British Prime Minister Boris Johnson pushed a hugely controversial cut through parliament Tuesday to the UK’s foreign aid budget from 0.7% of gross national income to 0.5%.
The cut of around £4.4 billion ($6.07 billion) was passed by a majority of 35, with 333 votes to 298.
The cut was vehemently opposed by the charity and non-governmental sectors as well as the opposition Labour, Liberal Democrat and Scottish National parties, in addition to a sizeable number of Johnson’s own backbench members of parliament (MPs).
The government has said the cut is only temporary, but the tests it has set out before the cut can be reversed are highly restrictive.
Johnson insisted that this “was not an argument about principle – the only question is when we return to 0.7%.”
The 0.7% pledge is written into law, and upholding it was in the ruling Conservative Party’s 2019 manifesto – meaning to break it would require both a new law to be passed, as today, as well as breaking the manifesto promise.
Johnson told parliament that the COVID-19 pandemic has put Britain’s public finances under “greater strain than ever before in peacetime history.”
“Every pound we spend on aid has to be borrowed and, in fact, represents not our money, but money that we’re taking from future generations,” he said.
Chancellor Rishi Sunak set out two tests before aid spending could return to 0.7%: the Office for Budget Responsibility (OBR) says that the government is not borrowing for day-to-day spending and that underlying debt is falling.
The OBR is an independent government body that provides independent economic forecasts and analysis of the public finances.
Former international development secretary Andrew Mitchell, a Conservative backbencher, said the government’s proposal was a “fiscal trap for the unwary” because the chancellor’s two tests had only been met once in the last 20 years.
Nevertheless, Johnson called on his MPs to “provide certainty for our aid budget and an affordable path back to 0.7% while also allowing for investment in other priorities, including the NHS [National Health Service], schools and the police.”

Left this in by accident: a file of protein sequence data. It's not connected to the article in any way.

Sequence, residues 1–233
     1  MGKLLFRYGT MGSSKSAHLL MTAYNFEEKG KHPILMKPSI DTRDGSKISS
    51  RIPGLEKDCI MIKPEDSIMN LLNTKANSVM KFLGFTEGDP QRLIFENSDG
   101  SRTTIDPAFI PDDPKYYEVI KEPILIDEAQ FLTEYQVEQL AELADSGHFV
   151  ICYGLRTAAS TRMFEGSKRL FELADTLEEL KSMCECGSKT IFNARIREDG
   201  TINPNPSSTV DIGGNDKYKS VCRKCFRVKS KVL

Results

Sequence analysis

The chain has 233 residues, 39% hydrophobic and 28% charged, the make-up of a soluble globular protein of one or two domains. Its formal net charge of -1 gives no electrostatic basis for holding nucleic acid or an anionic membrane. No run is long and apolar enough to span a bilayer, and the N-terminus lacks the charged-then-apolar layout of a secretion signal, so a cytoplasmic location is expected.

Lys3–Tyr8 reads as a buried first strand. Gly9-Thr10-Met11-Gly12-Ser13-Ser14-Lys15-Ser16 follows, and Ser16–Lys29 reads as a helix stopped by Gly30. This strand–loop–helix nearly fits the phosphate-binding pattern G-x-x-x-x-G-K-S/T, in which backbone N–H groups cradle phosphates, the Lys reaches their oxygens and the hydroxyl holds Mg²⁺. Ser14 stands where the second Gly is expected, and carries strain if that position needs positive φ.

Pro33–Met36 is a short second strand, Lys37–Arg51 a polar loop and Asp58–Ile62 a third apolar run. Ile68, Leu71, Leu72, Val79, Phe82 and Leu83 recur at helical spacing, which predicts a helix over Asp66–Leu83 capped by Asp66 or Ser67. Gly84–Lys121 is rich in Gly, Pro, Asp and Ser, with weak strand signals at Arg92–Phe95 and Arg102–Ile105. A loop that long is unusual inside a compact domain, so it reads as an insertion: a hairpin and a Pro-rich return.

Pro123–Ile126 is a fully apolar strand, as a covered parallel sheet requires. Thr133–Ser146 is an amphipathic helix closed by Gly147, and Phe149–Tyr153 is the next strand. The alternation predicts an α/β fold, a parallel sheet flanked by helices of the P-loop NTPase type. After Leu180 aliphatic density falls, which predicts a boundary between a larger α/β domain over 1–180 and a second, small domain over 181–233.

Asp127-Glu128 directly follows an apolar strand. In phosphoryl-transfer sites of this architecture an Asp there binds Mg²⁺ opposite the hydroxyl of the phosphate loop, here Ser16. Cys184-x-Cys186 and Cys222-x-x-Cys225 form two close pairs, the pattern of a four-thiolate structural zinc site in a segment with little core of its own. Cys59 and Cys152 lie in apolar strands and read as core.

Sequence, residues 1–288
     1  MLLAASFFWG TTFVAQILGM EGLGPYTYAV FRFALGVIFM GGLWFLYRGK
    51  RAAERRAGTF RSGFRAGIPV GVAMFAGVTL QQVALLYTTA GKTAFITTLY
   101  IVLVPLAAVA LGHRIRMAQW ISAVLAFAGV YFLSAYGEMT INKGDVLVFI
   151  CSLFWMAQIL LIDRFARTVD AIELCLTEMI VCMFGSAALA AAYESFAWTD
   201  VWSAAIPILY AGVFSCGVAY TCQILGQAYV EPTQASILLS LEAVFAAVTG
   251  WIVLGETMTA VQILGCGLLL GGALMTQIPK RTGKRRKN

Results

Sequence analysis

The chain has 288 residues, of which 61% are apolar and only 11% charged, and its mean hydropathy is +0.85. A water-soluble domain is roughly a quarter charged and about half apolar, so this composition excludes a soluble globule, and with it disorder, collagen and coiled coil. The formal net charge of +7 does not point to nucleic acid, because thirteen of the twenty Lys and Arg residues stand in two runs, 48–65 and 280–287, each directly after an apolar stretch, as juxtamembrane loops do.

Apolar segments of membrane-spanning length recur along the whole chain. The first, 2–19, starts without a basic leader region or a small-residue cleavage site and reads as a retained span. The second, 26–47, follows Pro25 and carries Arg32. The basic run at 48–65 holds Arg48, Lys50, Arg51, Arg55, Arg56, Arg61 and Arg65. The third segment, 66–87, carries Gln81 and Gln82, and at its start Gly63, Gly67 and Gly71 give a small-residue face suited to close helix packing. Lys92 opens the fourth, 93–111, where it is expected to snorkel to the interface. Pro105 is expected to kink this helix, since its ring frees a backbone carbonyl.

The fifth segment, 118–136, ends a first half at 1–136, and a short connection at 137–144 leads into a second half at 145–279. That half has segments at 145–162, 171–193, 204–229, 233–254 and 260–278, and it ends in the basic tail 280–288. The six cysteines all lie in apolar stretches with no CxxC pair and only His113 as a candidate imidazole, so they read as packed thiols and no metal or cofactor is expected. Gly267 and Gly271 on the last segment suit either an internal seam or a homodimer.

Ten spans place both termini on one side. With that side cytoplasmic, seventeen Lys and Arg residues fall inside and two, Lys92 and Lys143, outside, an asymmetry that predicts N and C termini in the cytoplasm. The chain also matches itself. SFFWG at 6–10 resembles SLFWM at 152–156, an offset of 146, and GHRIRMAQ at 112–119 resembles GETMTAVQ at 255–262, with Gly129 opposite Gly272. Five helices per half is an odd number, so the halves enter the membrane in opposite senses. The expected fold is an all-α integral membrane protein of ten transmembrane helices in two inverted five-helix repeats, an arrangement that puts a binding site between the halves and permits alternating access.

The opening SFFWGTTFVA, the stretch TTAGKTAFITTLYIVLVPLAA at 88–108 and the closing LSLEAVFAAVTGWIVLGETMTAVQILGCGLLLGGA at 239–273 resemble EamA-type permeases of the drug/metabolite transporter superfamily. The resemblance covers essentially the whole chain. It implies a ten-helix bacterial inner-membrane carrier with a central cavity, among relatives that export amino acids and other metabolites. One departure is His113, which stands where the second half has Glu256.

“As soon as circumstances allow and the tests are met, we will return to the target that unites us,” he said.
His predecessor, Theresa May, was scathing during the parliamentary debate.
“I have been in this house for nearly a quarter of a century. During that time, I have never voted against a three-line whip. As prime minister, I suffered at the hands of rebels… [but] we made a promise to the poorest people in the world. The government has broken that promise. This motion means that promise may be broken for years to come. With deep regret, I will vote against that motion today,” May said.
Tobias Ellwood, the Conservative chair of the defense committee, said: “There is a new global soft power war taking place. This to me is the face of a cold war that is slowly emerging that we in the west are yet to wake up to its reality…This is why we should not be diminishing our own soft power.”
Tom Tugendhat, the Conservative chair of the Foreign Affairs Committee, also said he would not back the government.
Opposition Labour leader Sir Keir Starmer said: “Every living prime minister thinks this is wrong. There is only one prime minister prepared to do this, and he is sitting there.”
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